Mounting a Samba Share Under Debian

In this article we’ll permanently mount a Samba share on a Debian based system, this process will be similar for other Linux distributions too. It is assumed that you have a share somewhere else already configured and ready to go.

Start by installing the required utilities, this will install a few other utilities as well.

sudo apt install cifs-utils

Now create a folder to act as the mount point for the shared drive. Where you put these is up to you, but I generally put mine under the /mnt directory. Strictly speaking /mnt is for temporarily mounted filesystems but the filesystem hierarchy standard doesn’t really provide a good location for permanently mounted shares that don’t have an obvious location elsewhere (although /srv looks like a possible candidate). For Docker installs I’ve take to creating a root directory called /data and a subdirectory /data/mnt, I find this works well enough.

sudo mkdir /mnt/music 

Create a credentials file in your home directory that will contain the login details needed to mount the remote share. Root will be mounting the share so place the file in root’s home directory. I name the file with the server name first which is helpful if there are multiple sets of credentials stored.

sudo nano /root/.fileserver_smbcredentials 

The credentials file should contain just two lines:


Now test mount the share by issuing the command below.

You may or may not need all the options that are specified here. The uid and gid flags tell the mount system to set the user and group for the mount. In my case I need to write to the share as a particular user and group since that is what my file server is expecting. I needed to add the lxc-users group to the machine I was creating the mount on and then add the user to the group. If you don’t add the uid and gid settings you’ll find the you can only write to the share as root.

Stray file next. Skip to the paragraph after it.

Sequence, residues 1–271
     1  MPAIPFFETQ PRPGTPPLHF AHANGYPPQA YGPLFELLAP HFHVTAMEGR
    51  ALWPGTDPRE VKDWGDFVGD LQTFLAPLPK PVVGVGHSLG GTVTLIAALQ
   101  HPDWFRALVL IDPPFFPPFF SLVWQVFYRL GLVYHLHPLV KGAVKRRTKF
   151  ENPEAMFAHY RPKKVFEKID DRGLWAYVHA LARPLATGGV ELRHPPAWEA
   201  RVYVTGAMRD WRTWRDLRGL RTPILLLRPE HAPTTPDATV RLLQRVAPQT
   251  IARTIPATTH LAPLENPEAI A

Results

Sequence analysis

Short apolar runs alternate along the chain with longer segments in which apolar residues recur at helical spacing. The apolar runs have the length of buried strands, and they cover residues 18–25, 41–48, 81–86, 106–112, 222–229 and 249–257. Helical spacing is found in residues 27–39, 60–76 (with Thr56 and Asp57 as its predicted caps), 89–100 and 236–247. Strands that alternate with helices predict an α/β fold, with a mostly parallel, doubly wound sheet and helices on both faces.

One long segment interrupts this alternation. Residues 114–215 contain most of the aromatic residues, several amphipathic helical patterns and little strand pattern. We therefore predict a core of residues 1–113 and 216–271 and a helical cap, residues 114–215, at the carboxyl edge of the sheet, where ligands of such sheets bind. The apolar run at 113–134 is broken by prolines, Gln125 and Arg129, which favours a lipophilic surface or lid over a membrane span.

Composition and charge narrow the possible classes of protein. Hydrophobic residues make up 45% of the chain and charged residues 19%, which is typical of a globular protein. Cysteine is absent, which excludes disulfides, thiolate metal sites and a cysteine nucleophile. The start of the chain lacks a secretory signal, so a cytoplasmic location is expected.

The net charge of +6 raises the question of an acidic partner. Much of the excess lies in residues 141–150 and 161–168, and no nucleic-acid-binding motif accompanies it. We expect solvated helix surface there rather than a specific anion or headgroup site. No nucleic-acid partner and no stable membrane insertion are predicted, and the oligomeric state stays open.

The dir_mode and file_mode settings tell the mount system what the default permissions should be, I want files and directories writeable by the whole group. You could probably also use the noperm option but that removes all permissions checks. I also needed to use the fully qualified name of the file server, I must have forgotten to set up search domains.

sudo mount -t cifs -o rw,vers=3.0,credentials=/root/.fileserver_smbcredentials,dir_mode=0775,file_mode=0775,uid=1000,gid=9999 // /mnt/music

If that works you can unmount the path again with:

sudo umount /mnt/music

If the manual mounting works you can add the same settings to /etc/fstab to make the mount permanent. Note that the order of the settings is somewhat different in the fstab file and the entry shown should all appear on a single line.

sudo nano /etc/fstab 
// /mnt/music cifs rw,vers=3.0,credentials=/root/.fileserver_smbcredentials,dir_mode=0775,file_mode=0775,uid=1000,gid=9999

When you’re done save the file and reboot the machine. If the settings are all correct you should find the share mounted after the restart.